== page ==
FOSDEM summary

Back from FOSDEM.  I didn’t blog whilst there ‘cos although I’m OK with carrying low-sensitivity passwords (such as my WordPress one) on a mobile device, I had neglected to copy it to the pocket-puter.   Also missing – this time deliberately – the key to decrypt the backup copy available from my webserver.  And finally, a reset seemed OTT for such a brief interruption to blogging.

So what did I get this year?  Socially, I put faces to the names of long-standing online colleagues jMCg and (much more briefly) sjorge, and renewed acquaintance with a few other folks.  Techie-wise, I went to several talks, some of which were discussions in which I participated actively.  Finally jMCg and I met and chatted to Alex and Martin, who I didn’t know previously, but who are developing a really exciting-looking Apache module.

A new theme for me this year was mobile platforms.  I think quite a lot of folks are making that jump around now, as the ‘puter and smaller devices converge.   As I already said, lots of folks this year have foregone the pleasures of a bigger screen and keyboard for the convenience of devices that can be handheld and that run the whole day without having to find a power source.  While there were many different devices in use, the N900 seemed to be possibly the #1 geek gadget ahead of Android: evidently I’m not the only one to see it as the pocket-puter!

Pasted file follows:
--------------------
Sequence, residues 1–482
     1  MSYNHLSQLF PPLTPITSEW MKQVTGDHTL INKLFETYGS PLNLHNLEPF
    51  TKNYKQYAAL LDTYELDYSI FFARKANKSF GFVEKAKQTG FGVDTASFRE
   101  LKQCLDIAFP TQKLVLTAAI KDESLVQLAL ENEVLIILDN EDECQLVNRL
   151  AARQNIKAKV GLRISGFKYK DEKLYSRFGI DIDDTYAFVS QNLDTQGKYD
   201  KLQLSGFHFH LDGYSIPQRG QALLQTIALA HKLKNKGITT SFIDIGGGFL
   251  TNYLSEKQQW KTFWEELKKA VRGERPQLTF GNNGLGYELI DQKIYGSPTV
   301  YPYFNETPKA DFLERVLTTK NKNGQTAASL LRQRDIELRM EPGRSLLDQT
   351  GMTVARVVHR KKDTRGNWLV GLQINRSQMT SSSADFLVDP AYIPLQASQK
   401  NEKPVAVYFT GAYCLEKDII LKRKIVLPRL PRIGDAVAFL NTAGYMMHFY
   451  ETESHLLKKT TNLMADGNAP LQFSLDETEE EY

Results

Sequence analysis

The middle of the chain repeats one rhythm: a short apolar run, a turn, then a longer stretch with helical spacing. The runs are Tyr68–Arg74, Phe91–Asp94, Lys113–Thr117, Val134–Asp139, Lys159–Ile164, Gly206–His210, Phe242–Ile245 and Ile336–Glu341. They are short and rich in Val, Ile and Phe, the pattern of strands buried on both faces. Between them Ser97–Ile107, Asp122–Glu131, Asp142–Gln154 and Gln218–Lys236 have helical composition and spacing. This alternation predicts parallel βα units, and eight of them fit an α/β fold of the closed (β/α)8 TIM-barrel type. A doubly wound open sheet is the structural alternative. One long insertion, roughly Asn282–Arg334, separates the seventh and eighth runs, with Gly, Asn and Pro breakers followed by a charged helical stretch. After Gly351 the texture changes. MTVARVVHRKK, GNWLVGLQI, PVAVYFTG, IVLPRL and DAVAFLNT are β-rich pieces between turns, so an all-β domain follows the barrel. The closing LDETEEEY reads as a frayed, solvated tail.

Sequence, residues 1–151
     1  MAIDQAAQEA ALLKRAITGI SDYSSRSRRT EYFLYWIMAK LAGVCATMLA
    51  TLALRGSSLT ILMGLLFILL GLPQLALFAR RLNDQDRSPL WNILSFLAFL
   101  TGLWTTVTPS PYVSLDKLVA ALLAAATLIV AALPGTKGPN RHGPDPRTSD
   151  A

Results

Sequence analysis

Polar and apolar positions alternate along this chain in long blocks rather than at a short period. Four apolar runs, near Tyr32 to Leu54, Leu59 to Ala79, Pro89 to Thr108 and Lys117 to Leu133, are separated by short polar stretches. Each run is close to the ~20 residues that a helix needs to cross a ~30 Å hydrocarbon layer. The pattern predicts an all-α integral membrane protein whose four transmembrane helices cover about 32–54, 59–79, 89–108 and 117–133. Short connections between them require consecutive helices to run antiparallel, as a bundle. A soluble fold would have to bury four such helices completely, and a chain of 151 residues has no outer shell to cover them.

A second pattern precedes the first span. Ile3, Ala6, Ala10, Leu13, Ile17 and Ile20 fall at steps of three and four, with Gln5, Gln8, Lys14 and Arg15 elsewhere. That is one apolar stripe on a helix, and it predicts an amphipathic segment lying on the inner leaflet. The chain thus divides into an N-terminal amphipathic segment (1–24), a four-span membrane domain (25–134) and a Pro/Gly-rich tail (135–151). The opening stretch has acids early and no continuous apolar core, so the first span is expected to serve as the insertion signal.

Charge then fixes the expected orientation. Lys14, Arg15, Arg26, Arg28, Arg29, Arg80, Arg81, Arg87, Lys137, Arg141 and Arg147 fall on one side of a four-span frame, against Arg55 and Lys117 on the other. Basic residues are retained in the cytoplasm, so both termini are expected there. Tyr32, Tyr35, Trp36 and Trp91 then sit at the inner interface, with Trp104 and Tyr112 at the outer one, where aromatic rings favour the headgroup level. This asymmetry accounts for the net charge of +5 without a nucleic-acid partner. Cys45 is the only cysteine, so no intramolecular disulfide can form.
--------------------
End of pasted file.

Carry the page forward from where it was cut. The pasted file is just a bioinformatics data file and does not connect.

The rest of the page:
An old theme was upstream-vs-downstream, as Gentoo man Petteri Räty gave a session on how to be a good upstream.  Actually he just spoke briefly to bootstrap a discussion (a format well-suited to the subject).   Much of what he said was familiar because where I’ve done the wrong thing in the past, packagers have contacted me to explain how I could improve things.  Speaking as an upstream source for him, I was able to put the complementary view, and add my conclusion that what really matters is good communication.  There was general agreement when I cited Debian vs OpenSSL as exemplifying the perils of failure to communicate.

Alas, I missed the keysigning.  Two reasons: one a clash (to see Andrew Tanenbaum speaking is history in action, and might be a once-in-a-lifetime), the other a muddle (I hadn’t realised I needed to print out the list of keys/attendees myself back home first).  Tanenbaum, who spoke compellingly of the virtues of microkernels, was indeed one of the highlights of the event.


Posted on February 9, 2010, in FOSDEM. Bookmark the permalink. Leave a comment.

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